Overruled, p.16
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       Overruled, p.16

         Part #1 of The Legal Briefs series by Emma Chase
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  • • •

  “You unbelievable bastard!”

  “It was an accident!”

  “Accident my ass!”

  “I didn’t know—”

  “Nana said she tol’ you he was allergic to peppers!” Jenny yells from the side of her truck, after a Benadryl-chugging JD is loaded into the passenger seat.

  “I put pepper flakes in it, Jenn—I thought he was allergic to actual peppers! Not the goddamn flakes of peppers!”

  And the awful irony of it? I’m telling the truth. After this I’m gonna have to seriously recalibrate my horseshit detector when listening to the outrageous claims of innocence from my clients. Apparently sometimes it’s not utter horseshit—no matter how much it may sound like it.

  “I hate you!”

  “That’s a little extreme, don’t you think?”

  “Extreme!” she screeches, making me flinch. “You tried to poison him!”

  I kick the tire of the truck. “If I wanted him poisoned he’d be fuckin’ dead!” I run a hand down my face. “But, maybe you should think about postponin’ the weddin’; at least until JD doesn’t look so”—I motion to the passenger window—“like that.”

  Her eyes flare. So do her nostrils. “That’s why you did this? You think you can sabotage my weddin’, you rotten sonofabitch?”

  “What? No!”

  Now that is actual horseshit.

  “You listen to me and you listen good,” she hisses. “I’m gettin’ married on Saturday and I don’t care if I have to wheel him, half-dead, down the aisle and prop him up against the goddamn organ to do it! Until then you stay away from us! I don’t want to see you, I don’t want to hear you—I don’t want to look at you!”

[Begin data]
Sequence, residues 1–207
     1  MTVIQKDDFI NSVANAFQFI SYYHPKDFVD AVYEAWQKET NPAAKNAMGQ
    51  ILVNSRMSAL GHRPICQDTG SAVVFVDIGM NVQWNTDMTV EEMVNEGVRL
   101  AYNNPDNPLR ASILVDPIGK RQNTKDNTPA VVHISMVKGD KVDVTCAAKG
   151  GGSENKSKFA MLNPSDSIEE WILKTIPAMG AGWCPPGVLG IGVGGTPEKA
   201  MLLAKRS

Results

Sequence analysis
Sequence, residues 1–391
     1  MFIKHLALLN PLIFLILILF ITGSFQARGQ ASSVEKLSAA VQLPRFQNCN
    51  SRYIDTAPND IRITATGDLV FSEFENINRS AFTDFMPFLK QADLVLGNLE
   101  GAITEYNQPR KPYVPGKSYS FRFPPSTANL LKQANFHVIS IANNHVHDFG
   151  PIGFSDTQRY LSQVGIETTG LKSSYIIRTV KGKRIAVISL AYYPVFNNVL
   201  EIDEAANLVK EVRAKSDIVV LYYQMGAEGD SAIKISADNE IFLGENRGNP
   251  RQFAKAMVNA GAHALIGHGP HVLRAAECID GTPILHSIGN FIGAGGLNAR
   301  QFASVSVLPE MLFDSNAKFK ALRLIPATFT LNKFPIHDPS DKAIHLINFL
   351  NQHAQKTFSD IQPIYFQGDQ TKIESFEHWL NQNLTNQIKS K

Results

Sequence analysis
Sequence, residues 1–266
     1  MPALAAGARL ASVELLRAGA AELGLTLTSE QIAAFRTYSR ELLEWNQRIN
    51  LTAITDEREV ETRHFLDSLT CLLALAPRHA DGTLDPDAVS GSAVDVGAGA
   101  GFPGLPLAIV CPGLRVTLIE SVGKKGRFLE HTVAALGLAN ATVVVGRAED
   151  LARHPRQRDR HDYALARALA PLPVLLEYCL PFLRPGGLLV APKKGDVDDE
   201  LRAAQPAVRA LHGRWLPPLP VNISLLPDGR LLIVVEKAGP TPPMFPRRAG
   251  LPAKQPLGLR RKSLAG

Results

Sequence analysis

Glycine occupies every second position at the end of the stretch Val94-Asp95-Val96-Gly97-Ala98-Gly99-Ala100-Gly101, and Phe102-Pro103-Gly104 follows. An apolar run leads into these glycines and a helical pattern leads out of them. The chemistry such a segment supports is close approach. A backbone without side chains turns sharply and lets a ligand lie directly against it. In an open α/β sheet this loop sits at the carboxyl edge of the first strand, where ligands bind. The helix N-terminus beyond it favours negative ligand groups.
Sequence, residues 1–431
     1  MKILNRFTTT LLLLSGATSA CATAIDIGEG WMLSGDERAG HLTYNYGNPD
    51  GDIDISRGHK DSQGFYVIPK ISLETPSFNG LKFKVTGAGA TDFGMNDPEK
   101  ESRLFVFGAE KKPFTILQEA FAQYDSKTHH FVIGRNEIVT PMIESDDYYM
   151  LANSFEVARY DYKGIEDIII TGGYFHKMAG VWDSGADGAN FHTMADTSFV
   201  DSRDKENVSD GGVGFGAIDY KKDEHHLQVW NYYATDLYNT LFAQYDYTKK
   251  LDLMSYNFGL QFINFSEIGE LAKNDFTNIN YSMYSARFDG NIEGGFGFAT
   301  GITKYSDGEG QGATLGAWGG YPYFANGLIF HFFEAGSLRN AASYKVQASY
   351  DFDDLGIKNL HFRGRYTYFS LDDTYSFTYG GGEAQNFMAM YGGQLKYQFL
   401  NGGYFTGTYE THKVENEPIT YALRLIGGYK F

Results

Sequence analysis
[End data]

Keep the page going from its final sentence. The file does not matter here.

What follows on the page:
“When did you turn so fuckin’ stubborn?” I yell.

  She stomps her way around the back of the truck, replying, “When you became so fuckin’ selfish!”

  “Jenny! Wait . . .”

  But she doesn’t. She does the opposite of waiting—climbs in the truck and drives off. To take JD home and nurse him back to health.

  Sofia stands beside me on the driveway, watching the taillights fade. “Well, that didn’t go as planned,” I grumble.

  “Was it really an accident?” she asks with a lifted brow.

  “Yes! It really was.” Then I pause, and rephrase. “A wonderful, serendipitous accident.”

  She grins and I give my smirk free rein.

  Then Sofia gasps. “Holy shitballs!”

  “What? What’s wrong?”

  She snaps her fingers and points to the sky, smiling broadly with discovery. “Allergic reaction!”

  “Yeah?” I question.

  “The perfect murder. Triggering an allergic reaction.” She folds her arms, proud of herself.